It’s important to take steps to prevent injuries before they happen, especially if your work or lifestyle depends on the use of your feet and legs. Taking preventative steps can be easy, and have other benefits for your overall physical health. Some ways to prevent foot injuries include:

  • Stretch your feet regularly;
  • Warm up before any sports of physical activity;
  • Take epsom salt foot baths;
  • Replace athletic shoes regularly;
  • Wear proper shoes;
  • Wear steel toed boots when working with heavy materials.

Other supportive foot and ankle wear such as wraps, braces, and insoles can also help prevent foot injuries and increase overall foot comfort.

What Complications Can Foot Fractures Cause?

If left untreated or overworked, foot fractures can pose complications to your health. Some of these complications can be serious, and even last the rest of your life. These can include:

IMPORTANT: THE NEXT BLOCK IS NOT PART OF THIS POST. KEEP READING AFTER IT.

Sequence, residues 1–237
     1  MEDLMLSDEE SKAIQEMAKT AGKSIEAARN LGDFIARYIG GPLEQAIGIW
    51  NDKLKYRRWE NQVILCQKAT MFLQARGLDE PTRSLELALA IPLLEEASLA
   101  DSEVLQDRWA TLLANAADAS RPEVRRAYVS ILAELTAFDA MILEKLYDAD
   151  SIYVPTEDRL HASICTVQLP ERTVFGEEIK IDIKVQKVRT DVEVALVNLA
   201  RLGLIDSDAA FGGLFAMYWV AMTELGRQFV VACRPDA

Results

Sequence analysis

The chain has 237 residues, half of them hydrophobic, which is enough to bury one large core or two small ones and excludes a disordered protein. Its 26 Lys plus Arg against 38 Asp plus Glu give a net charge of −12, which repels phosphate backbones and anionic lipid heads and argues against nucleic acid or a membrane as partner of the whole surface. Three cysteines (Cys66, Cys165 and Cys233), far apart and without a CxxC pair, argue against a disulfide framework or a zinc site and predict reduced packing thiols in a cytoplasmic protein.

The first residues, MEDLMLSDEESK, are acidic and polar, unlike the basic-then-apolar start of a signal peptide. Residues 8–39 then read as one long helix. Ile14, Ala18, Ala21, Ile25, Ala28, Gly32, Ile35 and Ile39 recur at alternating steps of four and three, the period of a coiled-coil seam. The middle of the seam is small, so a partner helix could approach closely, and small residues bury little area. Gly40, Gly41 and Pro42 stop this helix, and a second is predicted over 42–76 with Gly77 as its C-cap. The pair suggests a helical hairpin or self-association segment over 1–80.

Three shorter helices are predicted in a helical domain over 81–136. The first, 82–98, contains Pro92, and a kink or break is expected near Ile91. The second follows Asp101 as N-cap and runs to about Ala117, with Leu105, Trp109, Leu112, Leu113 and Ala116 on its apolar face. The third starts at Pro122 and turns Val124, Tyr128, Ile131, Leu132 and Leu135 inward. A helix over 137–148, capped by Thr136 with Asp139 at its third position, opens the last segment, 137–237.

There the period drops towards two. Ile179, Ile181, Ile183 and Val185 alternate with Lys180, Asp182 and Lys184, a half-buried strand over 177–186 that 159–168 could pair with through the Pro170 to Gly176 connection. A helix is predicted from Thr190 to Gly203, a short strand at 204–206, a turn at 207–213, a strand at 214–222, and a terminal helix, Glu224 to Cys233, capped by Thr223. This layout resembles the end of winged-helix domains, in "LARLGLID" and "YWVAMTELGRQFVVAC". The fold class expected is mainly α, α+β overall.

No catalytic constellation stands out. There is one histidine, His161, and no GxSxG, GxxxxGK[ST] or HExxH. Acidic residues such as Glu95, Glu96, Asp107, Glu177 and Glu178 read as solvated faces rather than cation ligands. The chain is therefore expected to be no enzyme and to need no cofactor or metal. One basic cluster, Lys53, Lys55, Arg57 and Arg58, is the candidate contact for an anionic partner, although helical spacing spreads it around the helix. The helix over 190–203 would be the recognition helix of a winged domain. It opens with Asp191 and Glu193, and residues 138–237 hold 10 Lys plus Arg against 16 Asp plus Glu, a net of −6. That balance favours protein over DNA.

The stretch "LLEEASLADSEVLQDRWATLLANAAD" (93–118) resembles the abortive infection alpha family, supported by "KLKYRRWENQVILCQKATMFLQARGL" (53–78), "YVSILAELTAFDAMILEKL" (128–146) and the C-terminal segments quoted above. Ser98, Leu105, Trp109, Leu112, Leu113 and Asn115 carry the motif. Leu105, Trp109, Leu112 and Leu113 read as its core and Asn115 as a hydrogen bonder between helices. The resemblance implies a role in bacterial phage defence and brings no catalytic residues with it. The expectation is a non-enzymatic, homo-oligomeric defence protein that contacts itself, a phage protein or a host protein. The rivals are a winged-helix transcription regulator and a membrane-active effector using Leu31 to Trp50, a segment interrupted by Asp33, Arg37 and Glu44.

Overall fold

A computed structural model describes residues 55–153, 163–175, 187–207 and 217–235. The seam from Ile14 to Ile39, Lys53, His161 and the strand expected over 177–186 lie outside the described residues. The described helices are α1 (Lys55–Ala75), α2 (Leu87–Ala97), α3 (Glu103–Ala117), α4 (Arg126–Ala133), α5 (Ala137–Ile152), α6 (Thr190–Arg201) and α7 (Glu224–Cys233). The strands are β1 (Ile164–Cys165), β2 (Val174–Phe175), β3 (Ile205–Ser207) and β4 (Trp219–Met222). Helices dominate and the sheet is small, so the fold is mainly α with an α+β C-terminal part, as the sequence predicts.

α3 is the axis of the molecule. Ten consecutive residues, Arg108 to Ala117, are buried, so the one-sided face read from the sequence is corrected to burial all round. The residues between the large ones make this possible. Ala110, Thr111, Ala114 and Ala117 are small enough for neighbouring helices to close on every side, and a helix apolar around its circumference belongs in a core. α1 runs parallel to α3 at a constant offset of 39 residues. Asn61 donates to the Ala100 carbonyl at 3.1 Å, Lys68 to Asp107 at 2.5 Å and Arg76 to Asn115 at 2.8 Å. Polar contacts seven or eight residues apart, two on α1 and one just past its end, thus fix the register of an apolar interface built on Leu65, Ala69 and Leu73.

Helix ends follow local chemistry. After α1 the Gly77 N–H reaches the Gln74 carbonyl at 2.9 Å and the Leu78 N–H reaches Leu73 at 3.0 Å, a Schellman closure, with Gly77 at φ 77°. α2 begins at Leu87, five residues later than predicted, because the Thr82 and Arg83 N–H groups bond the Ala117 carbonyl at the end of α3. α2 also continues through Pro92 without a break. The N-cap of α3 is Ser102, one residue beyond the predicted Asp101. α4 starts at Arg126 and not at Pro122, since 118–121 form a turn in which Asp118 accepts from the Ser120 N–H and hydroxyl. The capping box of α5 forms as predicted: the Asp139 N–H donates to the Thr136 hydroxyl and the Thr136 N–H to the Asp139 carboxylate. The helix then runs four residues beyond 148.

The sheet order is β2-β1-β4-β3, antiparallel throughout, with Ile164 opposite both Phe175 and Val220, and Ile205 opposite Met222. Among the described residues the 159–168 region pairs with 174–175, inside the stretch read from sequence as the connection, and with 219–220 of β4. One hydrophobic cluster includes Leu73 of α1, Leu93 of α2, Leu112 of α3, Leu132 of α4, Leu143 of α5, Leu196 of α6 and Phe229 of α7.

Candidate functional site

• Deformation of the bone;
  • Arthritis;
  • Bone infection;
  • Nerve or blood vessel damage.

Whether or not you experience complications from a broken foot will depend on whether you need surgery, receive proper treatment, follow proper physical therapy and recovery protocol, and how long you leave a fracture to its own devices. This is why it’s important to see a primary care physician if you suspect you’ve fractured your foot or ankle.

Contact SPORT Orthopedics + Physical Therapy Today

Toe and forefoot fractures have the potential to cause excruciating pain, and keep you from living your active life. The weight-bearing bones in our feet allow us to do many things, including walking, running, climbing stairs, and so much more. Having a broken foot can really limit what you can do.

That’s why the best Dallas orthopedic surgeons at SPORT are here to offer solutions. Our orthopedic specialists work alongside skilled physical therapists in Dallas to help patients recover from stress fractures, Jones fractures, and so much more. Contact SPORT Orthopedics + Physical Therapy today to get started on keeping your feet happy and healthy. To schedule an appointment, please call our office at 469-200-2832, or schedule online.